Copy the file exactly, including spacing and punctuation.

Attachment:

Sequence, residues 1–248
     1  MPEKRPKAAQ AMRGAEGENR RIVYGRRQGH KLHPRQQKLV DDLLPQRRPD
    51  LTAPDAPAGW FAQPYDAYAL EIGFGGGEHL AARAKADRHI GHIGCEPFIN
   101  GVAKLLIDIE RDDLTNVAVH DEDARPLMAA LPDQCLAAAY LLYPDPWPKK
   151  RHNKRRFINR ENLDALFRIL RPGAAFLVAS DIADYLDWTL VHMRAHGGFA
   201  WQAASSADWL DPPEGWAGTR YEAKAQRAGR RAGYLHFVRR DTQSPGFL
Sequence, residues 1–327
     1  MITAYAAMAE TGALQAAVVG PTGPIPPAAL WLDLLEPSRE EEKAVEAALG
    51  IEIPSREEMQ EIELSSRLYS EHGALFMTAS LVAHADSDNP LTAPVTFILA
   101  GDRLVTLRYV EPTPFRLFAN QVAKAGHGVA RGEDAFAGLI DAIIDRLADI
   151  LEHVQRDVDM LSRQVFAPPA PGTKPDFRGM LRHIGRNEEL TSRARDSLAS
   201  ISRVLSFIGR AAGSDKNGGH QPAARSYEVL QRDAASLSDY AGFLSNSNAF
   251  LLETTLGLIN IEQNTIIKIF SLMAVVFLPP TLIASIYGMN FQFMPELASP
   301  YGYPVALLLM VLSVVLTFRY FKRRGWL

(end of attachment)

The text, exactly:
Sequence, residues 1–248
     1  MPEKRPKAAQ AMRGAEGENR RIVYGRRQGH KLHPRQQKLV DDLLPQRRPD
    51  LTAPDAPAGW FAQPYDAYAL EIGFGGGEHL AARAKADRHI GHIGCEPFIN
   101  GVAKLLIDIE RDDLTNVAVH DEDARPLMAA LPDQCLAAAY LLYPDPWPKK
   151  RHNKRRFINR ENLDALFRIL RPGAAFLVAS DIADYLDWTL VHMRAHGGFA
   201  WQAASSADWL DPPEGWAGTR YEAKAQRAGR RAGYLHFVRR DTQSPGFL
Sequence, residues 1–327
     1  MITAYAAMAE TGALQAAVVG PTGPIPPAAL WLDLLEPSRE EEKAVEAALG
    51  IEIPSREEMQ EIELSSRLYS EHGALFMTAS LVAHADSDNP LTAPVTFILA
   101  GDRLVTLRYV EPTPFRLFAN QVAKAGHGVA RGEDAFAGLI DAIIDRLADI
   151  LEHVQRDVDM LSRQVFAPPA PGTKPDFRGM LRHIGRNEEL TSRARDSLAS
   201  ISRVLSFIGR AAGSDKNGGH QPAARSYEVL QRDAASLSDY AGFLSNSNAF
   251  LLETTLGLIN IEQNTIIKIF SLMAVVFLPP TLIASIYGMN FQFMPELASP
   301  YGYPVALLLM VLSVVLTFRY FKRRGWL